No longer are customers as easily moved by wit, and fictitious prospects conceived as an exercise in creativity are deemed as tired methods practised by brands who refuse to adapt to the times. This insistent stagnation is counter-reactive and acts as evidence of a brand that is either out of touch or not heeding the views of the market at large. Focusing on a core crowd by explicitly targeting your clientele is as beneficial as sitting down with hands crossed waiting for change to happen.
Ask any young individual and they’ll tell you what product placement or media training is. From billboards to radio spots to hashtag campaigns, people are exposed to a plethora of information every single day, and cutting through the noise is imperative to registering in an audience’s minds.
Brands, for example, that insist on the value of loyalty, claiming a robust clientele and employing the if-it’s-not-broke-don’t-fix-it mentality, have no place in today’s evolved market. With the astounding competition currently prevalent and the information customers have access to, status quo is the worst thing a brand can practise. Now more than ever, all it takes is one misstep for a consumer to consider alternative offerings elsewhere.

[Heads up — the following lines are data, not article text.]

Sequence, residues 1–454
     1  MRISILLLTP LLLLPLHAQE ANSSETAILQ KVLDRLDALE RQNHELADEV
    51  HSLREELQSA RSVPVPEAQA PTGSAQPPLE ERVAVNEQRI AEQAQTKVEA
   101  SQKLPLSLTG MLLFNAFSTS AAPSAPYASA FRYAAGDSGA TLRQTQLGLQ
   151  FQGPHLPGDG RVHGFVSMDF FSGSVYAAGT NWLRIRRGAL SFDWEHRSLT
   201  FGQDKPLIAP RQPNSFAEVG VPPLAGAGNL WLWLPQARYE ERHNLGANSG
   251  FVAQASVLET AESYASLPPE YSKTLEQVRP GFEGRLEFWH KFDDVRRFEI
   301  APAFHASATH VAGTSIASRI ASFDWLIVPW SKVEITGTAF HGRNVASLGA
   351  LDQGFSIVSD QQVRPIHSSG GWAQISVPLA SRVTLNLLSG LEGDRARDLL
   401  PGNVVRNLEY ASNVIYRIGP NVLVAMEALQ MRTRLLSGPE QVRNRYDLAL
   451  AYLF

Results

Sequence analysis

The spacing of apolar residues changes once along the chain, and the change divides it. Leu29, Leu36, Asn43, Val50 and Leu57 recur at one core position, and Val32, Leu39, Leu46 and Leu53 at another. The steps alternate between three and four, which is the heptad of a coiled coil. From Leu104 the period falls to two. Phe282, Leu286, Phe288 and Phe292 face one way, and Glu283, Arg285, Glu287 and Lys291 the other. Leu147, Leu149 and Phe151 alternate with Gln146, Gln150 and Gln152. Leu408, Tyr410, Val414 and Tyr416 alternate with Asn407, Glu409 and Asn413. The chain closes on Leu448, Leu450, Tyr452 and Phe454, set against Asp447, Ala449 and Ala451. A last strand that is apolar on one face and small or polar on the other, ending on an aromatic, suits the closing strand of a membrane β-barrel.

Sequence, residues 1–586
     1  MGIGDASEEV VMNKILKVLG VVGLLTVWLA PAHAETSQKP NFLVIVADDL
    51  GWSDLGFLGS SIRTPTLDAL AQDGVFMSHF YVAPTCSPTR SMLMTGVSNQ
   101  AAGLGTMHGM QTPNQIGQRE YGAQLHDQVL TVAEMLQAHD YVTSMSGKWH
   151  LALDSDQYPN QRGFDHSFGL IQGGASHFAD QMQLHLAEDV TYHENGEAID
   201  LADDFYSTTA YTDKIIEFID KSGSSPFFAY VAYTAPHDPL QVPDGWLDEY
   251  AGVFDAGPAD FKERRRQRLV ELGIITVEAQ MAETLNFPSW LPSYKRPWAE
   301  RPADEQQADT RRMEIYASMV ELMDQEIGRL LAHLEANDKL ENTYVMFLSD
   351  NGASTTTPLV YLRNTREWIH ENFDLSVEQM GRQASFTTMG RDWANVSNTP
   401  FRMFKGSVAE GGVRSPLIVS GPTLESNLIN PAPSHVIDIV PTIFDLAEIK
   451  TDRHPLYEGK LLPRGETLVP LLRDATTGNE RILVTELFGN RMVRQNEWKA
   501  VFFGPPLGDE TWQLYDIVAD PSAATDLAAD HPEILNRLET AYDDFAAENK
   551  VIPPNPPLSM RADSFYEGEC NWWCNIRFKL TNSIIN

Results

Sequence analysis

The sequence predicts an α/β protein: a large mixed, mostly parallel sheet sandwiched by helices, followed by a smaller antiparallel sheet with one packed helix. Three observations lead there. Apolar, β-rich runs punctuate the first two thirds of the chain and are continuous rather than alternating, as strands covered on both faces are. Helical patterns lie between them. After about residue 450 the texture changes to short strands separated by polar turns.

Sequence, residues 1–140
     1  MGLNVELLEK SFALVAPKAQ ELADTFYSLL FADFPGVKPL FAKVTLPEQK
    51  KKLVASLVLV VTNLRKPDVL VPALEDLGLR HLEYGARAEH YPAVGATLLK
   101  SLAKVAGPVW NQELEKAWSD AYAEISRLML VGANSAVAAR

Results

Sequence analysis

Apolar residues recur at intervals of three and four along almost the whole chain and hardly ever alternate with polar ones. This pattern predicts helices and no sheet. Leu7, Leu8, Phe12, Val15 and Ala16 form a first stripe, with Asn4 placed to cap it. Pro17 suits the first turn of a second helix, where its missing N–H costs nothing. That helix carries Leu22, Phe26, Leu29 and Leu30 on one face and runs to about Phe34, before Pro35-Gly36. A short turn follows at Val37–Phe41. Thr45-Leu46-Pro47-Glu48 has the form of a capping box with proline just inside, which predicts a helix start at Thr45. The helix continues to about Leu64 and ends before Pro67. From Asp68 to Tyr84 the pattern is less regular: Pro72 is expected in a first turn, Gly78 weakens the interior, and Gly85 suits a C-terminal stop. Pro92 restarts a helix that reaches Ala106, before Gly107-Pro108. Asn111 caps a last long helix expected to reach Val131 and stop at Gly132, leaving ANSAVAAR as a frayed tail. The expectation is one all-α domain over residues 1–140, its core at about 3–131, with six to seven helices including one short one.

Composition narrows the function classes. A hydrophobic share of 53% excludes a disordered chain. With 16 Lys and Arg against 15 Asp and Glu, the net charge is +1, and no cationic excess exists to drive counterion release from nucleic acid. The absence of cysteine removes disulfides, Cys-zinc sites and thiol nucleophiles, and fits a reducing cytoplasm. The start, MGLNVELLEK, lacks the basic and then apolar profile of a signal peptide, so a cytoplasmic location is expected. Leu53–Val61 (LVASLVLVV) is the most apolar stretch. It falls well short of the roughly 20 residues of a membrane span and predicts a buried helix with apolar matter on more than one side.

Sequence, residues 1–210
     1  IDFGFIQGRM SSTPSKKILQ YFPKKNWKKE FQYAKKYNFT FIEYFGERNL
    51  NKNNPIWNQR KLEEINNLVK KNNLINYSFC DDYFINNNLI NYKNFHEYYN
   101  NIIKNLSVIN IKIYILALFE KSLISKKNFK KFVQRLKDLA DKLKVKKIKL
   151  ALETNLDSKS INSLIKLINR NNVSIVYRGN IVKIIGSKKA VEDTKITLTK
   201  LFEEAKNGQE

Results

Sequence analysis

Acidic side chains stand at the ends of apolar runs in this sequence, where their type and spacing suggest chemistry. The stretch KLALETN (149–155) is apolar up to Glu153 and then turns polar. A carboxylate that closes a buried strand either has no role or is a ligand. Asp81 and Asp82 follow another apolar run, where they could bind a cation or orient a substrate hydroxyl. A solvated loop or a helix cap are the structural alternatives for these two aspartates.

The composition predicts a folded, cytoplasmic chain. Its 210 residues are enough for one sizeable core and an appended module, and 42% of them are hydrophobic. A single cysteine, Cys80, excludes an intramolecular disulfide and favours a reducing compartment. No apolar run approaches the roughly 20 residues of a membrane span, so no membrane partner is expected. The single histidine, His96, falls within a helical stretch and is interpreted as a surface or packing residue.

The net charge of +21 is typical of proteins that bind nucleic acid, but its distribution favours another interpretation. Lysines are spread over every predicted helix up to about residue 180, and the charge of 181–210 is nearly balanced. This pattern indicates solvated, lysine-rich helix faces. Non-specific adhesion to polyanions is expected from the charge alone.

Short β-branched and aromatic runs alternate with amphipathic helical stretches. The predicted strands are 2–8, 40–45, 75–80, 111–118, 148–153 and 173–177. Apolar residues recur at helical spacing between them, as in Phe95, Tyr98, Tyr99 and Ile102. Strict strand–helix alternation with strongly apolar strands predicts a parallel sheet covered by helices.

But relying on crafty hashtags, influencers or targeted messages as centrepieces for a campaign, disregarding the broader perspective under the notion of following a trend, is deemed pandering and consumers will flee towards the next best thing at the drop of the proverbial hat. Simply aligning with the digital revolution will present not an answer but rather a will to employ current trends. It’s what a brand does with these methods that makes all the difference. With a radically temperamental generation that demands rather that conforms and insists on changing the narrative of everything we have worked on establishing, these tactics are a means to utilise and a perspective from which to observe the new world, not a solution.
Authenticity connects you to your audience because it reminds them that your brand is more than some nameless, faceless enterprise only after their money. It helps build trust, makes you more relatable and emboldens the brand with consumers.
We are at the cusp of a monumental change that will require careful navigation and the determination to adapt to new methods. Though every generation brings with it its new standards and requirements, this is one that changed the way we effectively communicate among one another and has paved the path for a new-age outlook that is as captivating as it is intimidating for businesses. Yes, we possess the tools, and have even mastered them, but it is time to focus on the individual and practise transparency in everything we do.
The current zeitgeist demands humility, transparency and acceptance, but these are attributes that should never be trends; they should be recognised as timeless attributes and cornerstones for every shared idea or thought. For the coming year, let us not bind ourselves to tried-and-tested methods of communication and instead emphasise the individual. It is not advancements in the field that should be celebrated but people who should no longer be regarded as a campaign statistic.